Tea Set, England, c. 1904

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MakerWedgwood & Sons
Medium: Jasperware
C100 Gift of Dorothy Byerly in 2016
Classical figures set against a blue background have become popular symbols of the Wedgwood pottery company. Many people don’t know that these little vessels were made by the world’s first luxury brand. Founder Josiah Wedgwood (1730-1795) revolutionized more than just the world of pottery. Coming from humble origins in Burslem, England, he completed an apprenticeship with Thomas Whieldon, the potter who invented “tortoiseshell” glaze. Wedgewood saw that tea culture was evolving and that the demand for ceramic ware for tea was rising. He developed a durable cream ware and won a competition judged by Queen Charlotte; his pieces were henceforth known as “Queens’s ware”. His London showroom catered to the elite; however, after an item grew stale, he slashed the price, so the ordinary English citizen could purchase a set. From the port of Liverpool he conducted a steady export business to the colonies. George Washington even ordered a Wedgwood set. Following Wedgwood’s model, other companies took notice and began to market their products in a similar fashion.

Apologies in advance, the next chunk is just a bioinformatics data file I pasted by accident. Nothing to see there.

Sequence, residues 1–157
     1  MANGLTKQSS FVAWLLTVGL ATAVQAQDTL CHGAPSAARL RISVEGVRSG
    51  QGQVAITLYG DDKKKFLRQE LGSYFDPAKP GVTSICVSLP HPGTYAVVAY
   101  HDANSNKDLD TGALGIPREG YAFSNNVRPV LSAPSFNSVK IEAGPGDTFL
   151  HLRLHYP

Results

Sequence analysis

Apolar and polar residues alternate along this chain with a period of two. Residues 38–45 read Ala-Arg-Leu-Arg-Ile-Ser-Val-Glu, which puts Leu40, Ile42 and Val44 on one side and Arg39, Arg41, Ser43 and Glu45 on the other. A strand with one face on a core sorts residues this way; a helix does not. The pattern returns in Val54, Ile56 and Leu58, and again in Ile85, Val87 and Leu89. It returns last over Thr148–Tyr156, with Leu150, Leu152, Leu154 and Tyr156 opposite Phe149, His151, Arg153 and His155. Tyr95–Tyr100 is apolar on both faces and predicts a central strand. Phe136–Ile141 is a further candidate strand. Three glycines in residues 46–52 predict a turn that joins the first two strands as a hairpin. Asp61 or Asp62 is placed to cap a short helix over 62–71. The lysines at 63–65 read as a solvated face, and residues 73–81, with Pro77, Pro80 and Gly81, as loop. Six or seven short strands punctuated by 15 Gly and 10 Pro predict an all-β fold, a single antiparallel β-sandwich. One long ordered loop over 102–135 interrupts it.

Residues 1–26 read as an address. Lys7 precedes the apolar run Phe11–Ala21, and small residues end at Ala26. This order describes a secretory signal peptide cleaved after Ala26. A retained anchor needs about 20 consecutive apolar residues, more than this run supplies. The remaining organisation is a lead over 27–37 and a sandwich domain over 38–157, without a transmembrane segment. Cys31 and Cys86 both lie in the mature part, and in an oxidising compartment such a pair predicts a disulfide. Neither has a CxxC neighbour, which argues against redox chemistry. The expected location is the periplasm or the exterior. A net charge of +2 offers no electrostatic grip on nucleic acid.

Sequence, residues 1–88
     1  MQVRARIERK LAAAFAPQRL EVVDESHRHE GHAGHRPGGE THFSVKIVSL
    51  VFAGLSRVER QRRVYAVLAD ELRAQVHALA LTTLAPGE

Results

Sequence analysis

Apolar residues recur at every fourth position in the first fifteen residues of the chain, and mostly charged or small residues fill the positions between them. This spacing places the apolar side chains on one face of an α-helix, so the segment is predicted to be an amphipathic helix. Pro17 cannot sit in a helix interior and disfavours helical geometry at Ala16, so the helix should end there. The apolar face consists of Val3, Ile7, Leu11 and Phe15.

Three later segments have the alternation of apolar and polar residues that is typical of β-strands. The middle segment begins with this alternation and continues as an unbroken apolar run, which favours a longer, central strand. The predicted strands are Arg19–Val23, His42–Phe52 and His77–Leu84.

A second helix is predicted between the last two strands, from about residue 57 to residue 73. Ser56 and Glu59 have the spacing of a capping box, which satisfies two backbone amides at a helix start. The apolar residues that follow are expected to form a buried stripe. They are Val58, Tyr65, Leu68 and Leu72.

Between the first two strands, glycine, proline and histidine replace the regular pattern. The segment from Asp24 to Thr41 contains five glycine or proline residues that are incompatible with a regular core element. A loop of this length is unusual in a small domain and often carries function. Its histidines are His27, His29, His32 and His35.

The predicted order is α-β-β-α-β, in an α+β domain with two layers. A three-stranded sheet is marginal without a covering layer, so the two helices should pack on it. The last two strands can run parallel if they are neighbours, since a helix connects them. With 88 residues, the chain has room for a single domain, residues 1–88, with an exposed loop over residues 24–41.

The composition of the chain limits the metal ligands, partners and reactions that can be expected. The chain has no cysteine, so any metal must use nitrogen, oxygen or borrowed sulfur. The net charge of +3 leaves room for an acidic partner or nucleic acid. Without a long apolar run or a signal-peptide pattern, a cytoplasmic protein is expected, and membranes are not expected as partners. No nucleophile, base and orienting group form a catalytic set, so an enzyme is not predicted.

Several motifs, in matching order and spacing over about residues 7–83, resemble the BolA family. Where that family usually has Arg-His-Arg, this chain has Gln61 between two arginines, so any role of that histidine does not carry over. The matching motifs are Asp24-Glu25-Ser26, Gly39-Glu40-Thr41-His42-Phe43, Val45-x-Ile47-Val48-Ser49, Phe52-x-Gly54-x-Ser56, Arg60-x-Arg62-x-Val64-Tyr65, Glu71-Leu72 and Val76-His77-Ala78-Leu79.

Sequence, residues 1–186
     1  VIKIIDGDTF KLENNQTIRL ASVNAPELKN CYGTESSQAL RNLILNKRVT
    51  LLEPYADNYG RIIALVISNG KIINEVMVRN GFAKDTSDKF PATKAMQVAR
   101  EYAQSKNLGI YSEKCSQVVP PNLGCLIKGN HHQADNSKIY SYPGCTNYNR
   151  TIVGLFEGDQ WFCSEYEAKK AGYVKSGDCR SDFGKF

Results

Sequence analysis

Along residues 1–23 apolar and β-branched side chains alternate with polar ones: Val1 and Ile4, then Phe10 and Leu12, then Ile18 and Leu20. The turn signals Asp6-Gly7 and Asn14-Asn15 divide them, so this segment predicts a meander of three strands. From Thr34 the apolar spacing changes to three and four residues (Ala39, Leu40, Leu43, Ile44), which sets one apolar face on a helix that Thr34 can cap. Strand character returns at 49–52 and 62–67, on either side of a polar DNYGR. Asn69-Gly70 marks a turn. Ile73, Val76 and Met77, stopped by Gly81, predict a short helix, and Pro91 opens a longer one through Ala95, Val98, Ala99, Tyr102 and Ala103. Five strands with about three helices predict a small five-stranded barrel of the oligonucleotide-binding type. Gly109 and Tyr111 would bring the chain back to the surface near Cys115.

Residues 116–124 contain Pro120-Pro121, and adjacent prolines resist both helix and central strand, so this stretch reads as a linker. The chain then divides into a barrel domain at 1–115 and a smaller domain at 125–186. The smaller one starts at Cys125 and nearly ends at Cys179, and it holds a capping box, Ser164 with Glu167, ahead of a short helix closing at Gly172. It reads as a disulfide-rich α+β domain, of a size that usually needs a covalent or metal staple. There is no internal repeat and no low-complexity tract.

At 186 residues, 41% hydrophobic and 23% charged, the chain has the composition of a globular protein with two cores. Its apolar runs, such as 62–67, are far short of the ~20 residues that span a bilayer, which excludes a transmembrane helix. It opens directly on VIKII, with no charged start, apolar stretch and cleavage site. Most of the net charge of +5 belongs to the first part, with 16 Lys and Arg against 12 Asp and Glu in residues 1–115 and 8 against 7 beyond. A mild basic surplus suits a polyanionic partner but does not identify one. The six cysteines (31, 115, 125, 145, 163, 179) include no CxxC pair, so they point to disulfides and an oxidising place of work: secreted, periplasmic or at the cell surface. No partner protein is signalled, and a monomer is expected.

Although this is the only set in the Hammond-Harwood House collection, Wedgwood pottery has a history connected to the house. According to former Collections Committee chair Dr. Charlie Webb, “From 1928 to 1932 Richard T. Haynes Halsey, previously a co-founder of the American Wing of the Metropolitan Museum in NYC, was a professor of Fine Arts at St. John’s College and in charge of the Hammond Harwood House when the College owned the building before the Hammond-Harwood House Association. Elegantly furnished by his friend Francis P. Garvan, Halsey used it as a museum and teaching center of American Colonial Decorative Arts for the College. It was the first such course in the country. In 1930 to honor the 200th anniversary of Josiah Wedgwood’s birth, he put on a special exhibit of Wedgwood’s work. It was the only such exhibit in this country and Halsey did it deliberately to draw attention to St John’s and to the House.”
This set was owned by Lieutenant Guy Davis (1883-1956), who rented the Hammond-Harwood House north wing from 1910 to 1911. Davis had a long-distinguished career in the US Navy. He was a member of United States Naval Academy class of 1907. He was given a medal for his bravery during World War I.
Davis married Mabel Mathewson in 1909 shortly before moving into the Hammond-Harwood House, which they rented from the last private owner, Hester Harwood. Their daughter Dorothy Helen Davis was born November 15, 1911 at the Hammond-Harwood House. Davis’ granddaughter, Dottie Byerly, is an active volunteer docent at the museum today. For more on Wedgwood and his wares you can read Dr. Brian Dolan’s book Wedgwood: The First Tycoon.
By Rachel Lovett, Curator

Hammond-Harwood House

The mission of the Hammond-Harwood House Association is to preserve and to interpret the architecturally significant Hammond-Harwood House Museum and its collection of fine and decorative arts, and to explore the diverse social history associated with its occupants, both free and enslaved, for the purposes of education and appreciation.
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